If we want to see communities where people are fully engaged, participating in their own lives and their own futures, what would it look like if that was modeled everywhere – starting with our own organization?
This is a question that has been in the making at Creating the Future since the initial decision, before we even had a name for this organization, that we would make all our major strategic decisions by engaging others in those decisions.
From there, engaging about “major strategic decisions” became engaging about anything meaty our board or staff was considering. It became posting our minutes online, and making sure those minutes were not the legal minimum, but instead showed the flow of the discussion.
We began blogging every decision. How should we design X program? Does it make sense to do a fundraising campaign? What should our conflict of interest statement include? All the issues most organizations decide internally, often behind closed doors, we have blogged openly, scouring social media to then bring people into the discussion – and then rooting our decisions in what we learned from that engagement.
From “Engaged Decision-Making” to “Fully Engaged, Period.”
The more open engagement became “just how we do things,” the more we began applying that thinking to everything we did.
As our board continues to grow and add new members, we considered what “deeply engaged and participatory” meant for us as well. Our meetings tackle such meaty subjects, taking the time to discuss every aspect of this work, as we do our best to model thoughtful, effective, generative leadership. To work in that manner requires that the size of the board be big enough for diverse thinking, yet small enough to be able to all share our thinking.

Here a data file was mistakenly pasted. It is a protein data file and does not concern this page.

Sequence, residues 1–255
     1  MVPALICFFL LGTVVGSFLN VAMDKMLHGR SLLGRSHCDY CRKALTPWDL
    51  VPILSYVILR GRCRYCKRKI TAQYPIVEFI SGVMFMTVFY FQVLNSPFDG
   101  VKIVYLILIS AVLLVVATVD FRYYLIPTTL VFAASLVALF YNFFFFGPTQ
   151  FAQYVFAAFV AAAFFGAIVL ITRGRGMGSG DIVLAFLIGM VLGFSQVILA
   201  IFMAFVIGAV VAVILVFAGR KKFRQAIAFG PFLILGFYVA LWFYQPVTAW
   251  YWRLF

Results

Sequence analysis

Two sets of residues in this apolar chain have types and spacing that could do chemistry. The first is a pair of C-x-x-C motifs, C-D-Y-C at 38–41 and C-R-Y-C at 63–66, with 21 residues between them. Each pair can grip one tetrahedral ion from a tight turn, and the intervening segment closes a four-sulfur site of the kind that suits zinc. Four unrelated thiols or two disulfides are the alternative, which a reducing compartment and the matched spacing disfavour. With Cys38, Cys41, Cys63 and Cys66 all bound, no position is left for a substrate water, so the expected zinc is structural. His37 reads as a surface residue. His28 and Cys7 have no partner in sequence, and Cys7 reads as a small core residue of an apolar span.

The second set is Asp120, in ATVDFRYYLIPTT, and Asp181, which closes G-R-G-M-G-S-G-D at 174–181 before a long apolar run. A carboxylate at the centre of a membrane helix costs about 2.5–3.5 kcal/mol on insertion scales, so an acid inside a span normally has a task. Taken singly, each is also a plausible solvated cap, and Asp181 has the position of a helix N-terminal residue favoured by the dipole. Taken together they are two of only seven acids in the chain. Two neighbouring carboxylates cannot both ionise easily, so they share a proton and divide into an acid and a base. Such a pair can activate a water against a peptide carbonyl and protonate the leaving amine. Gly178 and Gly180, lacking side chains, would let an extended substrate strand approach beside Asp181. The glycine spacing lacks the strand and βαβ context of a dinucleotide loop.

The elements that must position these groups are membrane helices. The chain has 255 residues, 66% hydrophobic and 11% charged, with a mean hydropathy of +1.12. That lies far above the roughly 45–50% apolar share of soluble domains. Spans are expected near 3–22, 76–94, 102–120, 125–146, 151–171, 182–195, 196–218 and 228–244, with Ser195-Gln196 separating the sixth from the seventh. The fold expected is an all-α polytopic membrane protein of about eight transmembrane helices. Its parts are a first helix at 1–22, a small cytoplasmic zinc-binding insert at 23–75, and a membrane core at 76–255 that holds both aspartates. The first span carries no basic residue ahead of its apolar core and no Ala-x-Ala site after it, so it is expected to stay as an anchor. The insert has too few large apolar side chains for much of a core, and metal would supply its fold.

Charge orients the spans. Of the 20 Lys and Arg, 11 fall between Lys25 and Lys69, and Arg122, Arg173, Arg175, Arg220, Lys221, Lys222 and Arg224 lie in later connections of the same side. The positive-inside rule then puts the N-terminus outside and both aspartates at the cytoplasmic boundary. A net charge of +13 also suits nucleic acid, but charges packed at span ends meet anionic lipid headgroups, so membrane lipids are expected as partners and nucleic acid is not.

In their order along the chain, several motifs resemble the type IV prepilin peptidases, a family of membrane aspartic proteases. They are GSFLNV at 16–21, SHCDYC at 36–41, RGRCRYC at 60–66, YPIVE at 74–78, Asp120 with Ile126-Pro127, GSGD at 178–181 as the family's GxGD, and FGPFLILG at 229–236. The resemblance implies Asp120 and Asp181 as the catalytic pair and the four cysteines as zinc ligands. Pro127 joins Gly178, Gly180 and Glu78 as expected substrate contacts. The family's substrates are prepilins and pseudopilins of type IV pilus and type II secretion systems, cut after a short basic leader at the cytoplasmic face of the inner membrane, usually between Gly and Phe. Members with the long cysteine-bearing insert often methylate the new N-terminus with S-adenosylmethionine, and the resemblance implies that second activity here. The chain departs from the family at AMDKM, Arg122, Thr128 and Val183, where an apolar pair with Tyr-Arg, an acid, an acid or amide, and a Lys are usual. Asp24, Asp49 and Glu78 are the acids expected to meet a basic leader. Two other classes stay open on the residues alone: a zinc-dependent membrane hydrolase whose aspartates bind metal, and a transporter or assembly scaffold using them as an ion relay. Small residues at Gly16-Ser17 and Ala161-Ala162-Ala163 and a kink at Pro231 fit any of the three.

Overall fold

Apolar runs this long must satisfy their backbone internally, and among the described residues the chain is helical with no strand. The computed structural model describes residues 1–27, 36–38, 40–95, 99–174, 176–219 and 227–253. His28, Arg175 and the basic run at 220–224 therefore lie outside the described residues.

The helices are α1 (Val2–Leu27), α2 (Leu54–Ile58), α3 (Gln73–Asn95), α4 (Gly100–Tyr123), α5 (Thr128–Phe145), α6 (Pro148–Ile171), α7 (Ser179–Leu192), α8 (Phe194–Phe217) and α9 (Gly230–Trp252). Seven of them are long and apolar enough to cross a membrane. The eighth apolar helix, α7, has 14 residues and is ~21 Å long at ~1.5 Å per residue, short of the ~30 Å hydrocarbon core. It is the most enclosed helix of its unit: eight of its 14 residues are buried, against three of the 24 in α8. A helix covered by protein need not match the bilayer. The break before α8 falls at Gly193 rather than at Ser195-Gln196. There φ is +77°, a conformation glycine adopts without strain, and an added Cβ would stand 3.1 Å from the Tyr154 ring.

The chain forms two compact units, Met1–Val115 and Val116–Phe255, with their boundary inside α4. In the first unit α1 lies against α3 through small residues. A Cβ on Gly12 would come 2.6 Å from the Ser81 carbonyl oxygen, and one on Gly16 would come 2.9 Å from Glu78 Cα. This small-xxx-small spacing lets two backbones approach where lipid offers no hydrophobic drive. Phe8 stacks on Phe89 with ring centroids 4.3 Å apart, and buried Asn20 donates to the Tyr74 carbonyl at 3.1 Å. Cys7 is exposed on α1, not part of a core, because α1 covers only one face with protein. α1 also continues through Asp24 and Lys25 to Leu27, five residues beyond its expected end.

Which led to our having guests at every meeting, who are invited to fully participate in the discussions as if they were on the board – a way of having a constant stream of deeply engaged participation from a broad variety of sectors and cultures and countries and viewpoints. (We’ll be blogging more about this, as it has been an immensely rewarding experience, but you can see what one of our guests shared about this effort here).
We vowed to seek funding in a way that builds deeply engaged partnerships – not the transactional “silent financial partnership” that is currently the norm in social investment of all kinds. We vowed that if our mission is in part to make funding more effective in creating strong, healthy communities, that we will infuse that mission into our own funding relationships.
We will ask our funding partners to walk alongside us, learning together and experimenting together and transforming together, to accomplish something together that neither of us can accomplish on our own. We envision a stone soup approach to partnership – a gathering of riches where we all are better for having joined together – rather than the typical power-laden relationship of “funder and grantee.” And whatever comes of that, we will share openly, as we learn together.
As engagement and participation began to be our board’s reflexive response, it wasn’t a far stretch to suggest that all our planning work should be done as live streamed events, where anyone could watch and learn and yes, even participate in a text chat along with us. That a funder who wanted to fund such an effort would be invited to participate as a full member of the planning team – to make changes in their own work, and not just help plan for Creating the Future’s work (fully participating meaning bringing your own soul to the table, for all that might make possible for everyone present).